I was still feeling cruddy, and when Jonathan kicked out the brothers so we could spend some time alone, I didn't want to do anything like what we'd done the night before. I laid down with him and Everett (who'd fallen asleep early) and almost fell asleep, but couldn't. The pain had started to bother me, now, and was bad enough that I couldn't find a comfortable way to lie. It was about 11 p.m. I told Jonathan how it felt, and he told me, "you had so many scares with Everett, they all turned out to be nothing, I'm sure this is nothing, too."
But, as I told him as he tried to drift off to sleep, this wasn't nothing. This wasn't anything like any part of my pregnancy or labor with Everett. This was a somewhat severe pain on the top of my uterus - not contractions, not Braxton-Hicks, nothing in my back, nothing on the sides of my uterus (where the intestines often kick up some nasty gas pain), not the muscular soreness. This was really quite uncomfortable.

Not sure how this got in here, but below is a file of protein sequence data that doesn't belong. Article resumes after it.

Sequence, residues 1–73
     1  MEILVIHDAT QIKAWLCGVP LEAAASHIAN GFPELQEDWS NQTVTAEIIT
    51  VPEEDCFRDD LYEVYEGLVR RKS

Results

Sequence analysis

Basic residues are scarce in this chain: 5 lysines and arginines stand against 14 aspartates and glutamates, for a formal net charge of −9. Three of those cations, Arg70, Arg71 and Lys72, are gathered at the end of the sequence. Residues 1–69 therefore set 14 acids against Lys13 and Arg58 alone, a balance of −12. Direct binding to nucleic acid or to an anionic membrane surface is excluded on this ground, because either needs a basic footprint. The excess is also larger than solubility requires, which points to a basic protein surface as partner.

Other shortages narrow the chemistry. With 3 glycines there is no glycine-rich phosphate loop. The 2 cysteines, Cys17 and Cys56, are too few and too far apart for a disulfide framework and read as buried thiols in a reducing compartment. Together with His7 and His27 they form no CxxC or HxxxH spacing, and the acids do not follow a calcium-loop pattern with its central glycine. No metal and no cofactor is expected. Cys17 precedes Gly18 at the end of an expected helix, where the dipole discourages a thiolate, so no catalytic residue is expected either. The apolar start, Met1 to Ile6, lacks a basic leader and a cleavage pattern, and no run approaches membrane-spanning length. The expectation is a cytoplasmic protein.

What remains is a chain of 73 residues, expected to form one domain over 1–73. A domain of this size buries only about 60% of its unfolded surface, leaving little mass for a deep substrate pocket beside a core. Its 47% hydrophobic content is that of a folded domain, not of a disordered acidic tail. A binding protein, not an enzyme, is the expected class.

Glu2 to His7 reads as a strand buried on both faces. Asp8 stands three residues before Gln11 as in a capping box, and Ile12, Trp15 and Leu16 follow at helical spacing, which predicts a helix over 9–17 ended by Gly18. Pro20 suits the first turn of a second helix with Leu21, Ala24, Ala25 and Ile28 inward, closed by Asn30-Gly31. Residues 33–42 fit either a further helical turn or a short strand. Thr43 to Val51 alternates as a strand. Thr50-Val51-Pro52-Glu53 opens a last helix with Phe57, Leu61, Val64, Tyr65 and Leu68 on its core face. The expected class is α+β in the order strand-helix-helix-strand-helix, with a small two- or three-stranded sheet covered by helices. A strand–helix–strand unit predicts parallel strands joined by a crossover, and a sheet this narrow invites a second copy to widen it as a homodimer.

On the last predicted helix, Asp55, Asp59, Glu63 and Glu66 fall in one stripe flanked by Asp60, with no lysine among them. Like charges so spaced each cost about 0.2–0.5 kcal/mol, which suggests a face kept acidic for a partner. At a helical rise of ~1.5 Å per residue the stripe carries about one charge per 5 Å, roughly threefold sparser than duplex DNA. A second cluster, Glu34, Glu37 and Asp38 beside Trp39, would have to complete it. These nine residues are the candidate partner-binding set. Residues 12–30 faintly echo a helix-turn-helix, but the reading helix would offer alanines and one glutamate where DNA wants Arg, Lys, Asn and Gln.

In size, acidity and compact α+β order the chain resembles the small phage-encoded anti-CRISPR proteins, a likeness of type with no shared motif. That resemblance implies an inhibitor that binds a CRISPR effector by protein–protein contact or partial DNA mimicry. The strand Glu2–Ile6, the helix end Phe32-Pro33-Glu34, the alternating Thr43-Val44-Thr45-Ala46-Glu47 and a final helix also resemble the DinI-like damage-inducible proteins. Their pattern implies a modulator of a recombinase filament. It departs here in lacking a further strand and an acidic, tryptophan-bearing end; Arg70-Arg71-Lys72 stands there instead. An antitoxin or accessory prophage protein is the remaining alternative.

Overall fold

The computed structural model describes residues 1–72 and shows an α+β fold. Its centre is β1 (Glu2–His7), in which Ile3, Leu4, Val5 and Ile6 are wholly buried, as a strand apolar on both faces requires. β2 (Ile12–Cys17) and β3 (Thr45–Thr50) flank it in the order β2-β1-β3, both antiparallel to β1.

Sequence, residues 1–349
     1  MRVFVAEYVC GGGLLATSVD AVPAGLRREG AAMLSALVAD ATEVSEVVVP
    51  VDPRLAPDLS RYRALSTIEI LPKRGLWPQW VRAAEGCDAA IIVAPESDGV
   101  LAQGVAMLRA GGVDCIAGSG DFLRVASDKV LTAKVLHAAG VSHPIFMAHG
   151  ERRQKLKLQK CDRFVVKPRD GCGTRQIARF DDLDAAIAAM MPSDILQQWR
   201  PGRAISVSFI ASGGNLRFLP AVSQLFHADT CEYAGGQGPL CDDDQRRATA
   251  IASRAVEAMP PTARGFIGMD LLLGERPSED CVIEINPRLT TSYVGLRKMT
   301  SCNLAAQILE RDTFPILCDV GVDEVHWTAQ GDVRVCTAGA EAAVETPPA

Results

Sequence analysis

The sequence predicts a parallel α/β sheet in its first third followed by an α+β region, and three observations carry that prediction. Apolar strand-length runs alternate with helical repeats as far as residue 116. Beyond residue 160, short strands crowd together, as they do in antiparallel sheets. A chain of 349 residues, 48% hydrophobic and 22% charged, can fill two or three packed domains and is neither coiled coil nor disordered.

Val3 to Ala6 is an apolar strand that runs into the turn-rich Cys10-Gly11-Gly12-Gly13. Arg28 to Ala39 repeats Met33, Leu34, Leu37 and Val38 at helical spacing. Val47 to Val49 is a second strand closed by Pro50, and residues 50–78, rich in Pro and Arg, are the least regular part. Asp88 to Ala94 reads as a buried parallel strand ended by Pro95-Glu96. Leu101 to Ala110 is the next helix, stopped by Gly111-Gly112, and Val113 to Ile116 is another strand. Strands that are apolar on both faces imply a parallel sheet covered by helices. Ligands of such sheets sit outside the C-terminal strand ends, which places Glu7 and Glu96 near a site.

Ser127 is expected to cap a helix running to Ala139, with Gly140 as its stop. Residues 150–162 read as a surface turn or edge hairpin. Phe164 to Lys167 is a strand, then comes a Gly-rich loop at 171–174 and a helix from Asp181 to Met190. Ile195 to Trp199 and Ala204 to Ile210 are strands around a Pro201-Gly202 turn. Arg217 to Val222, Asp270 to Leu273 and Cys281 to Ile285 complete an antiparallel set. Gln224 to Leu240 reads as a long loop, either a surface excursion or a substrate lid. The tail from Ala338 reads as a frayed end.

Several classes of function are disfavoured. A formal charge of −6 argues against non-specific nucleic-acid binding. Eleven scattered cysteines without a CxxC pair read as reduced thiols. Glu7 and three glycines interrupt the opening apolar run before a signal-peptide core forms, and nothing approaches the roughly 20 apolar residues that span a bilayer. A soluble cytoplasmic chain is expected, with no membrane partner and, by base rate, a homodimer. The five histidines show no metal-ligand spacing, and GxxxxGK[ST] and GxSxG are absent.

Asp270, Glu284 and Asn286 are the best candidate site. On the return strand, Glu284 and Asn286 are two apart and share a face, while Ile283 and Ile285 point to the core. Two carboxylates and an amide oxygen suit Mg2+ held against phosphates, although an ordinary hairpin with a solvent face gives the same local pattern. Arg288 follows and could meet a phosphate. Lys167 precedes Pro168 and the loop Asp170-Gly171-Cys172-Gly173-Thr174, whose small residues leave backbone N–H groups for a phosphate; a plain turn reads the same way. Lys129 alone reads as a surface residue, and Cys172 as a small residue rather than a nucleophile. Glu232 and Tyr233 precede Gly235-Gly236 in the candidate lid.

I decided to call a hospital. The labor and delivery nurses always were helpful at Good Samaritan Hospital when I would call them with problems during my pregnancy, labor and delivery of Everett. I picked out the University Medical Center, which seemed respectable, and was immediately told that I wasn't getting any advice from them, it was come in or nothing.
As I called, my brothers-in-law came back in. It was about midnight, and Jonathan was mostly asleep, telling me that I was fine, he was sure, I just needed to lie down and relax. For a minute, I tried to, but that made the pain worse and suddenly I knew this was bad. Very bad.
I called down to the front desk, asked which was the nearest hospital. They were so unconcerned I felt a little panic set in, and said the nearest one was 20-some miles away in Vegas. Any thoughts of calling an ambulance were discarded - I can only imagine how long it would have taken an ambulance to get to Jean, Nevada, from god knows which nearby hospital.